A look inside Charlie and the Chocolate Factory

Charlie and the Chocolate Factory is on at The Grand from Nov. 21 to Dec. 24.

The enchanting world of Roald Dahl’s Charlie and the Chocolate Factory will come to life on Nov. 21 on the Spriet Stage as the cast members embark into this classic fantasy musical. A captivating two-and-a-half-hour journey will be undertaken as the audience follows Charlie Bucket and the four other golden ticket winners through a magical land filled with chocolate wonders and Oompa Loompas. We’re diving into the behind the scenes from the director and a cast member to get a glimpse of what audience members can expect from this enchanting show.

Director Jan Alexandra Smith, who holds 37 years of performing arts experience and has been directing since 2007, shared that she’s lost count of how many times she’s watched the 1971 film adaptation of this classic tale. Growing up with the film version as a child, Smith felt it had “a very lasting impression,” on her and that she holds it “close to her heart.”

For those unfamiliar with the story of Charlie and the Chocolate Factory, Smith explained that it follows “a terribly poor young boy who has practically nothing but the love of his family and the dreams of becoming a chocolate maker.”

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When young Charlie wins the chance to tour “the most famous chocolate factory in the entire world,” he steps into a magical land of wonder.

Cast member, Melissa Mackenzie, who plays the role of Mrs. Bucket (Charlie’s mother) a hard-working single parent who also takes care of Charlie’s grandparents explained how imagination isn’t the first thing on her character’s mind.

Mackenzie explained that in some ways she can relate to her character in terms of being a “realist.”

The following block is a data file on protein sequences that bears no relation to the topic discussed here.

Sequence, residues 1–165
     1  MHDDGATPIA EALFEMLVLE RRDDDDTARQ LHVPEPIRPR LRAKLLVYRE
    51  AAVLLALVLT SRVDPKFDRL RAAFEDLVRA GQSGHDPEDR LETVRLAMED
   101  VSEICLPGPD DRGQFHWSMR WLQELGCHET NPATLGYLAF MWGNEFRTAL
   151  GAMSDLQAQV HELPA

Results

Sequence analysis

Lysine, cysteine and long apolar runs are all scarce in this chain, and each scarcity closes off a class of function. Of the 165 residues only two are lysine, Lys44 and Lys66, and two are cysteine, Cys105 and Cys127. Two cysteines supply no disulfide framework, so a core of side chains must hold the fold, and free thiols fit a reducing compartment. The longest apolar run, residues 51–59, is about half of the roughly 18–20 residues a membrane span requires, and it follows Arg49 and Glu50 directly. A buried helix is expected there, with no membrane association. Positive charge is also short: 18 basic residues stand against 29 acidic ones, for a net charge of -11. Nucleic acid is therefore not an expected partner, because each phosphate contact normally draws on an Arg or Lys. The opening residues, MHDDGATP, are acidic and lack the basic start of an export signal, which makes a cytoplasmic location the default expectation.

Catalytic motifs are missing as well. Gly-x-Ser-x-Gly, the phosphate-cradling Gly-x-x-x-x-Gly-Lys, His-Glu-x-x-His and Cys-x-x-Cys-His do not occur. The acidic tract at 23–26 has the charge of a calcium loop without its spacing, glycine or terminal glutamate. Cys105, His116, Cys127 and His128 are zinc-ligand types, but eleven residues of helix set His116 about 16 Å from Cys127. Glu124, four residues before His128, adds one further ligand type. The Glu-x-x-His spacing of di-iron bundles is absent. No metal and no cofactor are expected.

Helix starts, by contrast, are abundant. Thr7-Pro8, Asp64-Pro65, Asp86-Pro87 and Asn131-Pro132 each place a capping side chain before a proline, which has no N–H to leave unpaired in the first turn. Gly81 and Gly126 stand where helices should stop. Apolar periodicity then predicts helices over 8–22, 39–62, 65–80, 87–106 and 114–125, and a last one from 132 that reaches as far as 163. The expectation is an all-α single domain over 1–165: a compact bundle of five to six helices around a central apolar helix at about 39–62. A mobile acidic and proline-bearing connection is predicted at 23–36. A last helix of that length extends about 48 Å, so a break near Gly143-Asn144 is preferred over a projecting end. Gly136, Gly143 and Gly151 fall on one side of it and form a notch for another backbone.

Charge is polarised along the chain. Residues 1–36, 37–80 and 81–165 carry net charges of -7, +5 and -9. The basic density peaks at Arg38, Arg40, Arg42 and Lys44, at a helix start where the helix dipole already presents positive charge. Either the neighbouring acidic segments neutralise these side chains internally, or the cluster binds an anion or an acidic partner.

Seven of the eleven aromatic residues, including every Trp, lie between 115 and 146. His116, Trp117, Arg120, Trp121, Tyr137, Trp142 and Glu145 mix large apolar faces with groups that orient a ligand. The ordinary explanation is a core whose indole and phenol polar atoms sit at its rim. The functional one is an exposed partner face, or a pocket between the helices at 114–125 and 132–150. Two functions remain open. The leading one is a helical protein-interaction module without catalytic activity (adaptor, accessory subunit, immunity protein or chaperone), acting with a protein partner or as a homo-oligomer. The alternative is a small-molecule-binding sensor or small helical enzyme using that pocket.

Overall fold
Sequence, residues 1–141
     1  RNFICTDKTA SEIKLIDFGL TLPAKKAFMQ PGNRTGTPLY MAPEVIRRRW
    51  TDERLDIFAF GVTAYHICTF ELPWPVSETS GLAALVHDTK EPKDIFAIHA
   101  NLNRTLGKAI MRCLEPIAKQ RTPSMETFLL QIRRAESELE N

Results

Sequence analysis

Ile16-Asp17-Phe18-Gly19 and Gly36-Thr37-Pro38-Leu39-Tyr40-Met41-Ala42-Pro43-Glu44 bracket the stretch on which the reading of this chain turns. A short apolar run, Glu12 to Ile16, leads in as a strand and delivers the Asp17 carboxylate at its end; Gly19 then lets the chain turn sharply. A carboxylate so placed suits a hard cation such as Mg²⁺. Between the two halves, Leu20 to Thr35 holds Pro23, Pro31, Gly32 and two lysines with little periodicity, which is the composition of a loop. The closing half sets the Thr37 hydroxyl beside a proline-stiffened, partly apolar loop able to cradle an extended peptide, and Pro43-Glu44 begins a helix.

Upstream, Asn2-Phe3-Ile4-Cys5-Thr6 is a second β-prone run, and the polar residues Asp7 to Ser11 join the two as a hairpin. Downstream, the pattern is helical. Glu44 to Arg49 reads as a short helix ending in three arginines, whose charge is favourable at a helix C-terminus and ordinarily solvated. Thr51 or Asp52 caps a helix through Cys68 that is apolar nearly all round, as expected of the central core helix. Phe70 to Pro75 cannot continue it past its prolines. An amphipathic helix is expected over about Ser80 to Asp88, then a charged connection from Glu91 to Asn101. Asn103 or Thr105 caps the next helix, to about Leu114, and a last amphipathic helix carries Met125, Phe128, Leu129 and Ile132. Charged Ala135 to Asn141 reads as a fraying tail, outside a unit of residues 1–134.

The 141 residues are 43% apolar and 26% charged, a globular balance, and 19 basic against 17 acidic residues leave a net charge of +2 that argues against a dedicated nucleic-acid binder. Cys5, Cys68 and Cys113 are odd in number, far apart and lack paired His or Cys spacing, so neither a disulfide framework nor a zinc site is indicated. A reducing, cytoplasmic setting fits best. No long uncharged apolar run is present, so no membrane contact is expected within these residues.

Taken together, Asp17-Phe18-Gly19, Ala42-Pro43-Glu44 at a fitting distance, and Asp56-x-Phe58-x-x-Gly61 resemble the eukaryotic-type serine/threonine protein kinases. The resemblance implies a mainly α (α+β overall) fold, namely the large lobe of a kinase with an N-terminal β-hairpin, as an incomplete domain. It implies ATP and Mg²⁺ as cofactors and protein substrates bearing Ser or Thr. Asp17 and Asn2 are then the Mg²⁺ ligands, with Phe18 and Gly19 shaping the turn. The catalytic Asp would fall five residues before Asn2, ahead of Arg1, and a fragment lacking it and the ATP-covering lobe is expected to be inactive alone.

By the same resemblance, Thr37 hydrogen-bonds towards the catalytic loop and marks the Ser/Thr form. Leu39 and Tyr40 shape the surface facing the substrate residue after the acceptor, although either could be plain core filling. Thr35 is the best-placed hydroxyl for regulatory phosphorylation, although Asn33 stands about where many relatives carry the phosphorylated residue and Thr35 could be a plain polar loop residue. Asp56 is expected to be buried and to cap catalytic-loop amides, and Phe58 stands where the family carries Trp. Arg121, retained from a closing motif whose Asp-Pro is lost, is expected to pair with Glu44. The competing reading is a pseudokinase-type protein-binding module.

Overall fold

“There’s a protection in Mrs. Bucket of not wanting to get hopes up too high and to stay tethered to the ground,” Mackenzie said. “But also, we still need to encourage ourselves to dream.”

While Mrs. Bucket restricts herself from a high level of imagination, there is a scene towards the end of the first act where she sings a lullaby to Charlie, highlighting her realization that she needs to dream and allow her son to continue to dream as well. Mackenzie said that this is her favourite scene and that Mrs. Bucket’s journey is “quite lovely.”

Both Smith and Mackenzie stated that the creative team they worked with was one of the main highlights of being a part of this production. For such an extraordinary musical, you really need “a team that works beautifully together and that always offers great ideas and great solutions,” Smith said.

“The joy, dedication, and commitment to community and storytelling is so present,” Mackenzie added.

As a big Charlie and the Chocolate Factory fan myself, I’m counting down the days until I can see an Oompa Loompa on a stage. Being someone a lot like Mrs. Bucket, who needs a lot of structure and in most cases a realistic point of view, I’m very excited to have my eyes opened by this musical that is filled with pure imagination.